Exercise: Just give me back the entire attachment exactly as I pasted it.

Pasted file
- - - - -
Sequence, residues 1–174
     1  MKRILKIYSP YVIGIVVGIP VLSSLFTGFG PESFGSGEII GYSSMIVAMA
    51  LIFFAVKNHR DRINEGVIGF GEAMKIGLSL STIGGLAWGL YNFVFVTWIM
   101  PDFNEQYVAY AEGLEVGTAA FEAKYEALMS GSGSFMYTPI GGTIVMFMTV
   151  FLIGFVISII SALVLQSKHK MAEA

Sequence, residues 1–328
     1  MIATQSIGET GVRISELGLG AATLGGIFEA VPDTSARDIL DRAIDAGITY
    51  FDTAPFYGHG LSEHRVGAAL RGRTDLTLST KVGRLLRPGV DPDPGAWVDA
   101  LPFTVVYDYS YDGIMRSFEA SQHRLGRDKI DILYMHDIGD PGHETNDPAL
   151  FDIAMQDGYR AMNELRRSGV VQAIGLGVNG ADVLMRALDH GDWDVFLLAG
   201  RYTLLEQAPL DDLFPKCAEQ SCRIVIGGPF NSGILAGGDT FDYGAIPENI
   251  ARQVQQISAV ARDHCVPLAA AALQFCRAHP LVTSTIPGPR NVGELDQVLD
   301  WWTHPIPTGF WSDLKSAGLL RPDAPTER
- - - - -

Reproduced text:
Sequence, residues 1–174
     1  MKRILKIYSP YVIGIVVGIP VLSSLFTGFG PESFGSGEII GYSSMIVAMA
    51  LIFFAVKNHR DRINEGVIGF GEAMKIGLSL STIGGLAWGL YNFVFVTWIM
   101  PDFNEQYVAY AEGLEVGTAA FEAKYEALMS GSGSFMYTPI GGTIVMFMTV
   151  FLIGFVISII SALVLQSKHK MAEA

Sequence, residues 1–328
     1  MIATQSIGET GVRISELGLG AATLGGIFEA VPDTSARDIL DRAIDAGITY
    51  FDTAPFYGHG LSEHRVGAAL RGRTDLTLST KVGRLLRPGV DPDPGAWVDA
   101  LPFTVVYDYS YDGIMRSFEA SQHRLGRDKI DILYMHDIGD PGHETNDPAL
   151  FDIAMQDGYR AMNELRRSGV VQAIGLGVNG ADVLMRALDH GDWDVFLLAG
   201  RYTLLEQAPL DDLFPKCAEQ SCRIVIGGPF NSGILAGGDT FDYGAIPENI
   251  ARQVQQISAV ARDHCVPLAA AALQFCRAHP LVTSTIPGPR NVGELDQVLD
   301  WWTHPIPTGF WSDLKSAGLL RPDAPTER